Mi abuelo paterno, Santos Bara, de acuerdo con el ayuntamiento de Aso, contruyeron una acequia hasta una balsa ubicada en el lugar que Vd. describe. Al lado se construyó un pequeño edificio en el que habia una tajadera sobre un canal que comunicaba por un lado con la balsa y por el otro con una tuberia que descendia hasta dos edificios situados unos metros mas abajo totalmente independientes. Uno de esos edificios era el molino que Vd. describe, y cuyo objeto era moler el trigo que se producia en el pueblo destinado a hacer el pan, pues cada casa tenia su amasaderia donde efectuaba el pan para su consumo, Hay que tener en cuenta que hasta epoca bastante reciente no habia carretera, y por tanto estos pueblos eran bastante autonomos.

El segundo edificio contenia una central hidraulica propiedad de mi abuelo, destinada a producir electricidad, que a traves de una linea electrica a baja tension, abastecia a la casa Olivan para las luminarias y estufas electricas. El resto del pueblo en el que no habia luz, se iluminaba las calles a cambio del mantenimiento de la acequia y balsa.

Todo esto que le cuento lo he vivido personalmente, ya que recuerdo cuando yo era pequeño, los paseos con mi padre y mi madre al atardecer para ir a dar la luz, que consistian en caminar del pueblo a la central, primero arriba para manualmente levantar la tajadera y permitir que el agua pasara, y luego al edificio inferior para comprobar la tension en los voltimetros, limpiar las dinamos del alternador etc. Por la noche en la casa, el ultimo que se iba a dormir, apagaba la luz mediante un artilugio que desde la casa hacia bajar la compuerta de la central.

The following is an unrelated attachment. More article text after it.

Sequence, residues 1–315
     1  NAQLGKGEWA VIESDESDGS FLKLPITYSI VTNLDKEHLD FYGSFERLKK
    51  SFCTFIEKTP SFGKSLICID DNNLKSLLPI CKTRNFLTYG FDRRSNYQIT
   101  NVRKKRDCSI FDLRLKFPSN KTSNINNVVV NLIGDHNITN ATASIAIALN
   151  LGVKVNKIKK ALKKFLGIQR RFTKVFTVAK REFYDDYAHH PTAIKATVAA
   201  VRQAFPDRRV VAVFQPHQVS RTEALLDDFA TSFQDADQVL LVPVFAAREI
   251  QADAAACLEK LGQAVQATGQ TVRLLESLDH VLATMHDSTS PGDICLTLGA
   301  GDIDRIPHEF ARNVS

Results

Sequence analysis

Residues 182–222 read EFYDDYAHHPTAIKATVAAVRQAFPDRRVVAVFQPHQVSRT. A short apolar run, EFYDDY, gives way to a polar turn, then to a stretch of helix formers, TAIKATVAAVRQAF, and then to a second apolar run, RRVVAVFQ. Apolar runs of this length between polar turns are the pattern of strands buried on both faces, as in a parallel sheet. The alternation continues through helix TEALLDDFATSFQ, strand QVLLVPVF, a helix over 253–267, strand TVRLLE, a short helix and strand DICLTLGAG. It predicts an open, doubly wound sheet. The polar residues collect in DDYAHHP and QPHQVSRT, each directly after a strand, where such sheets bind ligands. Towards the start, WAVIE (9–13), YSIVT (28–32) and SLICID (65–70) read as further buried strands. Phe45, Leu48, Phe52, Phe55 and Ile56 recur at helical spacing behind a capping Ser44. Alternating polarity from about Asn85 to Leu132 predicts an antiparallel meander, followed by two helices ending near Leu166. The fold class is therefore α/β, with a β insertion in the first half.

Luis Bara


I've read your article about the mill in Aso de Sobremonte. I would like to complement your information with some additional information.

Aso is the village where I was born. I lived there when I was young and I still love to return as many times as possible. My ancestors, living in Casa Oliván, spent there their lives farming and looking after the cattle.

My father's father, Santos Bara, agreed with the local authority to build a balsa (mill pond) at the exact place mentioned earlier on this page. Next to this reservoir a small construction was erected to house a valve. A tube brings the water to the two buildings some meters down the hill.

One of those was the flour mill where the corn of the village was processed. At that time each family made its own bread. We must not forget that until recently there was no paved road and people in this and similar villages needed to be self-supporting.

The second construction was the hydro-electric station of my grand-father. It produced electricity and a line carried the low tension to the Casa Oliván where it powered the lights and stoves. The rest of the village had no light, but the streets were illuminated. In return, people of the village did maintenance of the water supply channel and the mill pond.

I'm telling you this from my own memory. I remember the evening walks when I was a child. With my father and mother from the village to the power station to switch on the electricity. First to the construction near the reservoir to lift the valve. Then down to the generator house to check the voltage meters, clean the alternator and do some other maintenance when needed. Back at home the last person who was going to bed had the task of shutting down the lights. A clever contraption made it possible to close the valve from the house.
Luis Bara